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Pro-choice vs Pro-life

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Pro-choice vs Pro-life

Planned Parenthood of the Rocky Mountains.

Planned Parenthood of the Rocky Mountains.

Planned Parenthood of the Rocky Mountains.

Planned Parenthood of the Rocky Mountains.

Fiona Oliver, Staff Writer

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The passage of Roe v Wade in 1973 legalized abortions and made them accessible to women until their third trimester of pregnancy. The Supreme Court case  prompted a national debate that continues today about whether abortions should be legal and to what extent. This continues to divide parties in national politics and split the United States population into pro-life and pro-choice factions.

Prior to the decision of Roe v Wade, hundreds of thousands of women attempted their own abortions using coat hangers or knitting needles to induce a miscarriage. These attempts led to uterine perforation, infection, infertility, and the deaths of many women.  This is the result of these women living in countries that would not allow them to safely and legally make reproductive decisions.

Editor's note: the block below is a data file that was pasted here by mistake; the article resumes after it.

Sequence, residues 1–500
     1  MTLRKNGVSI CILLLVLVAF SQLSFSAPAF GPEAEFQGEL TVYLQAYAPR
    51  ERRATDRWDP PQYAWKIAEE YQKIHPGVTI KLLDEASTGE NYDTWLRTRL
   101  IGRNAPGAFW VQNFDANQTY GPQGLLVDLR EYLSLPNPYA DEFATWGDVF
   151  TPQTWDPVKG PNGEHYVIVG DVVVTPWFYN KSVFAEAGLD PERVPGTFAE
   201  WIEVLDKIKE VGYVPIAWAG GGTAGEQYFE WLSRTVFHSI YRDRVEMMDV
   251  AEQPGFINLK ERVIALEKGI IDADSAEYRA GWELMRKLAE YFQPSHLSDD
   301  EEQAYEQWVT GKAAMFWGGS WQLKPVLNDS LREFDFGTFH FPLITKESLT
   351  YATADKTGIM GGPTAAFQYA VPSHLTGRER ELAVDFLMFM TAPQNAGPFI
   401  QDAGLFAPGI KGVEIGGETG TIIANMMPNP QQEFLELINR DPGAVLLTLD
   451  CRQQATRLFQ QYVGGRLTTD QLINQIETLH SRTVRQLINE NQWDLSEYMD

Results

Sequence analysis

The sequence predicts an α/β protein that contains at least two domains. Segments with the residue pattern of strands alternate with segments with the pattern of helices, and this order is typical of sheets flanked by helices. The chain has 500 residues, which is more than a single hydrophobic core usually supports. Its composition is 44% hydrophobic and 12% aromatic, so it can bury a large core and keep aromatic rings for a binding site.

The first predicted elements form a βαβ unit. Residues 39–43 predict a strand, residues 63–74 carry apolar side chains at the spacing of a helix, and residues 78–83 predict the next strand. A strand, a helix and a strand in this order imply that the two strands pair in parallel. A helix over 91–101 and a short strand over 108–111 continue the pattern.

Further polarizing the issue, President Donald Trump has promised to reverse Roe v Wade in his campaign. This decision would deprive women of their human rights, and if he succeeds, many women will be forced to once again take extreme measures to have control of their own bodies and lives. President Trump falls on the conservative side of the debate and sides with the pro-lifers, thus affecting these decisions.